Storm Shield Meteorologist Brandon Wholey was able to take a trip to the National Weather Center in Norman, Oklahoma. Below is a blog of his experience.
I recently participated in the NOAA Hazardous Weather Spring Experiment at the National Weather Center in Norman, Oklahoma.
It was a week long workshop where we were testing advanced products that will be used in conjunction with the new GOES-R satellite, which is expected to launch in October. GOES stands for Geostationary Operational Environmental Satellite.
I was the only Oklahoma television meteorologist invited to this year’s workshop, which lasts four weeks. I worked alongside three National Weather Service meteorologists and staff from the National Weather Center.
All week we collaborated in teams of two and were assigned a different area of the country to track thunderstorms. The purpose of these new products is to be able to more easily observe the environment in which severe thunderstorms could develop.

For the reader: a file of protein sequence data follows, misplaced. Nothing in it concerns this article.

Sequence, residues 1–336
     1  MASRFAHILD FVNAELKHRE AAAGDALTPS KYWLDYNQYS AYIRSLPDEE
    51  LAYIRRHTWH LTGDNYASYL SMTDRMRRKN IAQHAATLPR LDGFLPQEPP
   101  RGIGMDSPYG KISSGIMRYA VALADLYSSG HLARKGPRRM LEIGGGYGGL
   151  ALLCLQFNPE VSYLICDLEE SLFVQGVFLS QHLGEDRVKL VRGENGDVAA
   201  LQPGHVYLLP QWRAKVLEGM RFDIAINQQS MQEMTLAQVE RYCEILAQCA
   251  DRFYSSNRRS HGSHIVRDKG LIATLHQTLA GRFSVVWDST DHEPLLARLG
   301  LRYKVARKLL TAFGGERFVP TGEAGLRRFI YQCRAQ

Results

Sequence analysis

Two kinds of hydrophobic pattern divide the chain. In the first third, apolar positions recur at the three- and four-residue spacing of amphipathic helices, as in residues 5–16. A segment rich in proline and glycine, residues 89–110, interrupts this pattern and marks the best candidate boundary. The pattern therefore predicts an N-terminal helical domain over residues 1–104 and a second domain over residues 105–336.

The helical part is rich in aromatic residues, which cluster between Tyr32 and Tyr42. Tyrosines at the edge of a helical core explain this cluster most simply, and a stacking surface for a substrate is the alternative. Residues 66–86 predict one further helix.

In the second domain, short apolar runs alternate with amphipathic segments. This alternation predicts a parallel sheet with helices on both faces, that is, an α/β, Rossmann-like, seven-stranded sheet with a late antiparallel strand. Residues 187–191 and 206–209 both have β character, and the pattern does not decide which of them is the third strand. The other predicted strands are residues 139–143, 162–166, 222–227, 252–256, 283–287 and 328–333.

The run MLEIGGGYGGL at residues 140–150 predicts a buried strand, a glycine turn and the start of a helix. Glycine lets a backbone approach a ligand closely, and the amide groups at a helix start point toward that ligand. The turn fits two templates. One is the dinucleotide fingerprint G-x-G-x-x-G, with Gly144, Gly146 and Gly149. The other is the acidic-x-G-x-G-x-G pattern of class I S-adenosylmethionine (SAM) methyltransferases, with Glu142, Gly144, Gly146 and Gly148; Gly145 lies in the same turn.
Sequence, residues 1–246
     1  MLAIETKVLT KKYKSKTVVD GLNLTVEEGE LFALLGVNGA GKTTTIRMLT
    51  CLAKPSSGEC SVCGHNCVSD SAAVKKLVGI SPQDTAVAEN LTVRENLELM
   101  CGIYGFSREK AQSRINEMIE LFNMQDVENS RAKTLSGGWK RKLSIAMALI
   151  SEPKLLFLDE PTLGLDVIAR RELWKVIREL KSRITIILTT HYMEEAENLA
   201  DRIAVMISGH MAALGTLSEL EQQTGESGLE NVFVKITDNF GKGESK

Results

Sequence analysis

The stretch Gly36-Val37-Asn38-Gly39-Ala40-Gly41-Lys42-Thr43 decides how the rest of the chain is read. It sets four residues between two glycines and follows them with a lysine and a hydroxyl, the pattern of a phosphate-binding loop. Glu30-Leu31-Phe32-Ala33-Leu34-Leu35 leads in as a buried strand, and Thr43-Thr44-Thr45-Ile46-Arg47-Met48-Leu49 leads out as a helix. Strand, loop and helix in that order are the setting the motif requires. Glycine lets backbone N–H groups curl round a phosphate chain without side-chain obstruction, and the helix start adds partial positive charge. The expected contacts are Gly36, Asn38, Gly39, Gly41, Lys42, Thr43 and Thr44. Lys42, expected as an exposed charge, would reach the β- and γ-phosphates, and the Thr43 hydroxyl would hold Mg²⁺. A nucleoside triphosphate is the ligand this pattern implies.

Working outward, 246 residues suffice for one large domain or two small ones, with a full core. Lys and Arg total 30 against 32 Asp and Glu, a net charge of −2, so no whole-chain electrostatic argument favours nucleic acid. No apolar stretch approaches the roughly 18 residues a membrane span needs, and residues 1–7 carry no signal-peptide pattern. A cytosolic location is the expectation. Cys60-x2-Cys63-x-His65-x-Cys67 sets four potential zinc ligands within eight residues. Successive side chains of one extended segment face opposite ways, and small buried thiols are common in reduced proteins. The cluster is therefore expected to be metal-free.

In addition, when thunderstorms do develop, the algorithms can easily sense whether or not the thunderstorms will turn severe. We issued experimental Severe Thunderstorm Warnings based on the satellite information we were getting.
We were able to get out a fairly healthy lead-time on cells before they turned severe and entered populated areas. All of this information will be coming from the help of the satellite along with doppler radar and other weather technologies tracking these storms.
At the end of the week, we presented case studies we blogged about during a live webinar to National Weather Service offices across the country and other NOAA employees.
Based on what I saw during the experiment, the new GOES-R satellite will help better track severe weather and keep people safe. It’s an exciting advancement in the field of meteorology and will benefit us here in Oklahoma in the future.
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